Over the years, Yunnan has continued to carry out land greening initiatives, taking small river basins as a unit, making unified plans for mountains, rivers, fields, forests and roads, promoting comprehensive control of rocky desertification and soil erosion, and strengthening the protection and restoration of wetlands.

Through all these efforts, land productivity in the province has been greatly increased, natural disasters have been mitigated, land use and rural industrial structure have been rationally adjusted, and local agricultural production conditions have been effectively improved.

Workers make immortal flowers at a botanical museum in Kunming, capital city of Yunnan Province. Photo: Zhang Weijia

Workers make immortal flowers at a botanical museum in Kunming, capital city of Yunnan Province. Photo: Zhang Weijia

Shared wisdom 

Yunnan’s soil and water conservation expertise has achieved remarkable results locally and has been promoted throughout the country. Moreover, relevant experience has taken root in the Lancang-Mekong region under the Lancang-Mekong Cooperation (LMC) mechanism. 

From 2020 to 2022, with the support of the Special Fund for Lancang-Mekong Cooperation of the Asia Cooperation Fund of China’s Ministry of Foreign Affairs, a series of projects of “Demonstration of Integrated Management of Typical Small Basins in the Lancang-Mekong Countries” have been implemented in three phases, with each lasting for one year. The first-phase and second-phase projects were completed in 2020 and 2021 in Phongsaly Province, Laos.

Phongsaly Province is located between the northernmost tip of Laos and borders Yunnan, and it has been the connection between China and Laos since ancient times. Located in the Nam Ou River Basin surrounded by mountains, it is in steep slopes and deep valleys. Dangerous terrain and blocked traffic have preserved the original ecology of Phongsaly but also caused great obstacles to the livelihood development for the local people. Many people live in remote mountainous areas and still follow the slash-and-burn lifestyle. For a long time, it has been difficult for residents to live and improve their living standards.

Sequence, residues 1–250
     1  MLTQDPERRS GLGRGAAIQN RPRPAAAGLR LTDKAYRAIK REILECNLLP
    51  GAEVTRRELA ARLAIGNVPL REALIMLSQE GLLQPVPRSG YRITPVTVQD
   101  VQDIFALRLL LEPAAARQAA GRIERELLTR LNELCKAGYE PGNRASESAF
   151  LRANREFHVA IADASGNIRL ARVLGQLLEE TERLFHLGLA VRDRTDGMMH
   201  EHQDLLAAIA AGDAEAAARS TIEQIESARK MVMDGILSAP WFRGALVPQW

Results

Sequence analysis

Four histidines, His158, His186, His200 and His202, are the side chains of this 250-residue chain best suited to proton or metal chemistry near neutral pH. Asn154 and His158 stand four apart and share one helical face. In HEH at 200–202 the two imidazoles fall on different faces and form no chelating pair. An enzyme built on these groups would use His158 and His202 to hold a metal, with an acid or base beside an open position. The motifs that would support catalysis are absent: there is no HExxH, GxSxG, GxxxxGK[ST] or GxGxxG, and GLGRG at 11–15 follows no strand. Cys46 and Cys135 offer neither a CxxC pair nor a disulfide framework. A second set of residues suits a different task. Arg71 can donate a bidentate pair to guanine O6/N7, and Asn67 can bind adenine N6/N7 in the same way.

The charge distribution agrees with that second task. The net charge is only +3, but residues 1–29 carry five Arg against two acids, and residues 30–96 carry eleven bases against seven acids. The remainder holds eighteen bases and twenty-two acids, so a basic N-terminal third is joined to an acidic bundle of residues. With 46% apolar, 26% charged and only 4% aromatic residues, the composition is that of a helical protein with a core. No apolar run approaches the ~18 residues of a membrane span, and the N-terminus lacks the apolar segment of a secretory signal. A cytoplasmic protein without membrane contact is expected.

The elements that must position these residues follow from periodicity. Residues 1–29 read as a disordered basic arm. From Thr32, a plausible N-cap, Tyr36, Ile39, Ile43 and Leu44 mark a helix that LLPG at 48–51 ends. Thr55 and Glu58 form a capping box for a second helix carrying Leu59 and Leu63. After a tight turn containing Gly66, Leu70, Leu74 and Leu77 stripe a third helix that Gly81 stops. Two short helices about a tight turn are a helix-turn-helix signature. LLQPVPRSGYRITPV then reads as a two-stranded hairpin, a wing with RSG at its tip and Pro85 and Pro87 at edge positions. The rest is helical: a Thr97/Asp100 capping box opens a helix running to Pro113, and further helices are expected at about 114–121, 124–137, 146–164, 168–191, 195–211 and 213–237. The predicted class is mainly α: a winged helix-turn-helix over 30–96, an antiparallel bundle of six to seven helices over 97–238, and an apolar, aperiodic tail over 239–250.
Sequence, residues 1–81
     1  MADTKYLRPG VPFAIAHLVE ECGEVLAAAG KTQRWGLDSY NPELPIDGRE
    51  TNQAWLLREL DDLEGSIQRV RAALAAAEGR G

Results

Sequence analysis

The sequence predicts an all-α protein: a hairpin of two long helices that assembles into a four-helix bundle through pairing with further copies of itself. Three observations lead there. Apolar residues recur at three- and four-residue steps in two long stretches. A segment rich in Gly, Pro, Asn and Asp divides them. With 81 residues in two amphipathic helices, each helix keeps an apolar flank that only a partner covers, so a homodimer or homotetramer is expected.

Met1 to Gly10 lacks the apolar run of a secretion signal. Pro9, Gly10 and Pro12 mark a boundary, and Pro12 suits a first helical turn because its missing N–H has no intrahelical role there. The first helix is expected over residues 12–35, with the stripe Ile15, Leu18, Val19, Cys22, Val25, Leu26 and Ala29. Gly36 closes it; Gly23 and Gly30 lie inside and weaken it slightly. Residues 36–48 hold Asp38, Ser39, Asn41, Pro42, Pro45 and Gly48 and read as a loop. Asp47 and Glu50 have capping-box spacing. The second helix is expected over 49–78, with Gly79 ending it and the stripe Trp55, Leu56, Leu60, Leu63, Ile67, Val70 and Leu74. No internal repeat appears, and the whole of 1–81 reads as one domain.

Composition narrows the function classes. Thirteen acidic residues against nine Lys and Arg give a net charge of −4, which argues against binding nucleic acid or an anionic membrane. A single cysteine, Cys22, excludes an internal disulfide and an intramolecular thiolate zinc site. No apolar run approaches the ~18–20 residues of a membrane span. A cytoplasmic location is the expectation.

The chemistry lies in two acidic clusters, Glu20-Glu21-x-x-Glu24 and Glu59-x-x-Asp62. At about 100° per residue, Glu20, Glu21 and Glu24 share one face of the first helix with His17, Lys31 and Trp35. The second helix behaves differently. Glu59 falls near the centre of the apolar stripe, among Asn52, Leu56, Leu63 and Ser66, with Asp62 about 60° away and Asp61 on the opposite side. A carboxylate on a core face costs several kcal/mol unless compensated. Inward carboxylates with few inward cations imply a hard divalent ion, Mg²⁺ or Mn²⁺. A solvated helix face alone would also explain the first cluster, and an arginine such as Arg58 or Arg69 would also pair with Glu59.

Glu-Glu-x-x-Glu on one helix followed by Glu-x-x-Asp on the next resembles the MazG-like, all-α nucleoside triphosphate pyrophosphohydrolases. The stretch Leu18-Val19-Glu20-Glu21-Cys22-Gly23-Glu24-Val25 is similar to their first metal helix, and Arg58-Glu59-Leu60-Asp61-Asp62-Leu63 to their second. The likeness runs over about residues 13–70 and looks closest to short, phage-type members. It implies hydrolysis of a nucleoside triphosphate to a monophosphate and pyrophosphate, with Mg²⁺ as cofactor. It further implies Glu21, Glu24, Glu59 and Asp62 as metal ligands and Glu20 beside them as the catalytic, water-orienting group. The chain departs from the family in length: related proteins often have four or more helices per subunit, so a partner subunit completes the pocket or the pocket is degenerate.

Following the idea of green and sustainable development, combined with local surveys in villages, the project team has developed an integrated management plan for small basins suitable for local villages and the water conditions and the plan has been approved by local governments. 

The team has now set up reserve boundary stakes and notice boards, encouraging the public to protect water resources. It also built dams to reduce soil erosion in a bid to effectively and reasonably protect soil and water resources. Water purification equipment was installed so as to improve the safe drinking water of villagers while garbage collection and treatment stations were constructed to effectively prevent environmental pollution. 

Village chiefs said that the local people were full of expectations for the demonstration project of integrated management of small basins, and hoped it could lead them toward poverty alleviation and sustainable development.

From the Qinghai-Tibet Plateau to the tropical rainforests in Xishuangbanna, flagship species such as black-and-white snub-nosed monkeys, Asian elephants and green peacocks are seeing the recovery of their habitats in Yunnan. The soil and water conservation work in Yunnan has made a leapfrog progress . 

However, there is a set of data worth paying attention to: The province covers an area of 394,000 square kilometers, among which the area of soil erosion is 100,600 square kilometers, and 116 out of 129 counties(cities and districts) in the province present karst dissolution. Among the 80.93 million mu of cultivated land in the province, those with a slope of more than 6 degrees account for 76.96 percent, and the aggravated soil erosion caused by construction projects is still inevitable. 

To meet the goal during the 14th Five-Year Plan period(2021-25), which is to improve the area of soil and water erosion by 26,300 square kilometers by 2025, the province is still on the way.